Old Law, New Grace?

Posted in Law and Grace

Somewhere through the centuries, people have come up with the idea that the differences between the first covenant (Old Testament) and the renewed covenant (New Testament) are law versus grace, obedience versus faith, and an angry God versus the gospel of a loving Jesus. Nothing could be further from the truth. You will find law and grace, obedience and faith, and the wrath of God and the gospel of Jesus in both testaments. This is because there is one consistent God throughout all of scripture, throughout all of eternity. 

First of all, let’s let Scripture define the new covenant. Hebrews 8:10, “For this is the covenant that I will make with the house of Israel after those days, said the LORD; I will put my laws into their mind, and write them in their hearts: and I will be to them a God, and they shall be to me a people.”  What is it that he will put in our minds? His laws. Now, how can anyone logically say that the law only applies to the old covenant, when having the law in our hearts and mind is the basis of the new covenant? 

Similarly, it is unscriptural to conclude that people in the OT were saved by law, when it is clear that they were saved by grace through faith. Flip a few more pages in your Bible to Hebrews 11. It was by faith that Abel offered a more excellent sacrifice, and by faith that Enoch was translated that he should not see death. Verse six says that without faith it is impossible to please God. It was by faith that Noah built the ark, and by faith that Abraham offered Isaac. The list goes on: Isaac, Jacob, Joseph, Moses’ parents, Moses, Joshua, Rahab, and more than the writer of the book of Hebrews can state.  

The Old Testament is full of stories about sinners who were saved by grace through faith, and not a single one that was saved by keeping the law. Let’s look again at the list of those referenced in Hebrew 11. We have Noah (drunkenness and nakedness caused sin), Abraham (didn’t wait on God’s promise so conspired with Sarah to get Hagar pregnant), Jacob (tricked his father into giving him Esau’s blessing), Moses (killed the Egyptian), Rehab (a prostitute), Samson (lust for Delilah caused him to sin), and David (an adulterer and murderer). I feel like I’m airing their dirty laundry, but yet these stories should give us hope. Who among us hasn’t sinned?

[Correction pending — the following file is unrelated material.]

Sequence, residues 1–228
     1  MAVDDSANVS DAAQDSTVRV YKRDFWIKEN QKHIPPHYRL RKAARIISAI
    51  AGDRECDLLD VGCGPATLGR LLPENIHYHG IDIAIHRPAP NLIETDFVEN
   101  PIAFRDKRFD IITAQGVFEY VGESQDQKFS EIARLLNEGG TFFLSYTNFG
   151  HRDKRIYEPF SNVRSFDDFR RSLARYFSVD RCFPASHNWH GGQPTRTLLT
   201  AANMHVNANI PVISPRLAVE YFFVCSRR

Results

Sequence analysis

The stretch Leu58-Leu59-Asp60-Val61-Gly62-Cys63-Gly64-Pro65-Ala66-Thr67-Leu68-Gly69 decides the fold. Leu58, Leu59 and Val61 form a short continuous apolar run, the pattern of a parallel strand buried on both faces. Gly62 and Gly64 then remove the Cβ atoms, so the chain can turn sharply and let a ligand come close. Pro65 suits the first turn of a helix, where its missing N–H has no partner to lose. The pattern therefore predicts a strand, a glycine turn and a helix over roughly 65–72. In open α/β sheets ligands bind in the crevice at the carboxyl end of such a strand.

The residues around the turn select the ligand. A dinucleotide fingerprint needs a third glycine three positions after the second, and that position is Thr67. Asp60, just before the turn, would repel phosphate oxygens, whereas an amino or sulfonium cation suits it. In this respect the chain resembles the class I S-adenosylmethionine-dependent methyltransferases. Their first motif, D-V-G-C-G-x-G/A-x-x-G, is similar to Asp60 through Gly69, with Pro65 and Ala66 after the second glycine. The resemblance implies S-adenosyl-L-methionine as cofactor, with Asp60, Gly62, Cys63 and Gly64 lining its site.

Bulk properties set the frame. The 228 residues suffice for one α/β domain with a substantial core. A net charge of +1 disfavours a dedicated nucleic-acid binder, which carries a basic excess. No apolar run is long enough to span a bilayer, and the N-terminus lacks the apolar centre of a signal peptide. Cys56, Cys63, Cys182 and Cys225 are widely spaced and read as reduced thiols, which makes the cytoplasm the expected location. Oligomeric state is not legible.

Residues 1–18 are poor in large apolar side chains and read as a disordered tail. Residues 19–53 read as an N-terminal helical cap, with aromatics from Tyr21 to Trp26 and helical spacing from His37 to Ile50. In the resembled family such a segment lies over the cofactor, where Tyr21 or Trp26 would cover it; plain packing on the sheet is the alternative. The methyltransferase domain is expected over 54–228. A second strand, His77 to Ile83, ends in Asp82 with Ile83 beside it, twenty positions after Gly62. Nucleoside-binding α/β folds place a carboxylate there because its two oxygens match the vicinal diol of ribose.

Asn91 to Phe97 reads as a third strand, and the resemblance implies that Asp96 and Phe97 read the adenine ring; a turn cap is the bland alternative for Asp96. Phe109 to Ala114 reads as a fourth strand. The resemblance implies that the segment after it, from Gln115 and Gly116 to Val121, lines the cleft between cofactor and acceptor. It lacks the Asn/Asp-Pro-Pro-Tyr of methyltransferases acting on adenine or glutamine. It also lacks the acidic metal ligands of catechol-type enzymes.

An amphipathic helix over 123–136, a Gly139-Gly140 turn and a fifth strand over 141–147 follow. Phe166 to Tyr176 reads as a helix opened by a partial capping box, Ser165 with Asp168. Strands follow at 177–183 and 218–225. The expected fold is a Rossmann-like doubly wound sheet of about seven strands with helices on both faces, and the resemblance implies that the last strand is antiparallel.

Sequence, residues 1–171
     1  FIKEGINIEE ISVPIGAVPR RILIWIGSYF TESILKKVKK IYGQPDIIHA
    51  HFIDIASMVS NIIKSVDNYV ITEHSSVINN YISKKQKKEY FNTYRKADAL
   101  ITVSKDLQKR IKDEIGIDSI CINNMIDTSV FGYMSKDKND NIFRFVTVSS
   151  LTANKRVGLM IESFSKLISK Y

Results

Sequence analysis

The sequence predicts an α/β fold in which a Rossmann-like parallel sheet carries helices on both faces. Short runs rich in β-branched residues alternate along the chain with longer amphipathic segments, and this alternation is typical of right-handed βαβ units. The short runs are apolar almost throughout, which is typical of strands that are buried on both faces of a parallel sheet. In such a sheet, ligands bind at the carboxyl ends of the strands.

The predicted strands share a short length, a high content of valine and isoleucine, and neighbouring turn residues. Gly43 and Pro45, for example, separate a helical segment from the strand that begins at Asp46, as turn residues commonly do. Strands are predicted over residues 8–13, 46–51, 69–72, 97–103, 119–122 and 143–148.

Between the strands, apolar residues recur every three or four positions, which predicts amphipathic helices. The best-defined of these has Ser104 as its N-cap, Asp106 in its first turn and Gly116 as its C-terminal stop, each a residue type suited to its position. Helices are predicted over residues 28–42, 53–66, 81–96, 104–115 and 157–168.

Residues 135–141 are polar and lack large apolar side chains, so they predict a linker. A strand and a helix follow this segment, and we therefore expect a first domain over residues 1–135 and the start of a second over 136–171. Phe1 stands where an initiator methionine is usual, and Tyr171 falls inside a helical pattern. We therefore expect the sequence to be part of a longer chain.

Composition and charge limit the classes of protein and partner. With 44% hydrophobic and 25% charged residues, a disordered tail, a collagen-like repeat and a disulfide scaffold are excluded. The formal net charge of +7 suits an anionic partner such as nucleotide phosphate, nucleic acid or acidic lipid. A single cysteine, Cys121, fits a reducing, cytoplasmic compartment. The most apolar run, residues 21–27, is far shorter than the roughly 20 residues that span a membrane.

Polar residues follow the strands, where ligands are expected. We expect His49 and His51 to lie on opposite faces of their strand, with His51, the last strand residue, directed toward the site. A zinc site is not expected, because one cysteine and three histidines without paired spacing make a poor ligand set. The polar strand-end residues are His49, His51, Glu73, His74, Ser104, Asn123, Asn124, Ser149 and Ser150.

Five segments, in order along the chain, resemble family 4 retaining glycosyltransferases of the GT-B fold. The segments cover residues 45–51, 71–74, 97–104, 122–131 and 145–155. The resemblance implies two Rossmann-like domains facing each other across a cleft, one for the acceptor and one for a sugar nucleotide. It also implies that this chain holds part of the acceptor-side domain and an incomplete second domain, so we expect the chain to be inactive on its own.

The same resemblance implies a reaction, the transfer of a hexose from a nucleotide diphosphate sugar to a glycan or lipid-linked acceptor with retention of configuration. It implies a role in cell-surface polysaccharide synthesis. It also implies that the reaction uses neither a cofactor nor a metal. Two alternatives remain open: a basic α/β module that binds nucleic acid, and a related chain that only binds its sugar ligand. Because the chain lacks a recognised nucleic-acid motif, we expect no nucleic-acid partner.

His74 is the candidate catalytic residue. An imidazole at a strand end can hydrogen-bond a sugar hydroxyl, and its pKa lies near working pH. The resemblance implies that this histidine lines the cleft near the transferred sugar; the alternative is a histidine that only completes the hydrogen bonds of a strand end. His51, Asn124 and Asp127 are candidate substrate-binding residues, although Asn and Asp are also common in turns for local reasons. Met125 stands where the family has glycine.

But the biggest reason that we should realize that the Old Testament is just as much about faith and grace as the New Testament is that we can share the gospel of Jesus Christ using only the Old Testament. Refer to Luke 24:44. On the road to Emmaus, Jesus teaches them that what was written in “the law of Moses, and in the prophets, and in the psalms” was concerning him. He also said in John 5:46, “For had ye believed Moses, ye would have believed me: for he wrote of me.”  We see in Acts 8:32, 35 that Phillip brought the eunuch to Christ through explaining the book of Isaiah. We see in Acts 17:2 that Paul reasoned with the Jews out of Scriptures to bring them to Christ, and in Acts 17:11 that the Bereans searched the scriptures daily to see if what Paul taught about Jesus being the Messiah was true. As a side note: Every time you see the word “scriptures” in the New Testament, (about 50 times) it always refers to the Old Testament, because the New Testament did not exist when this was written. Each time, it establishes the validity of the Old Testament after the resurrection of Christ.

If you want to read some wonderful words about Jesus, a few of the many places His own words tell us we can start are: the five books of Moses (also called the Torah, Genesis through Deuteronomy); the book of Isaiah, especially chapter 53; Psalm 22 (the Psalm of the Cross); Psalm 23 (the Resurrection Psalm) and Psalm 24 (the Ascension Psalm). 

As a post script to those who are thinking, “Well, then what is the difference between the Old and New Testaments?”, it is forgiveness by the blood of animals versus by the blood of Jesus. See Hebrews 9:12-28.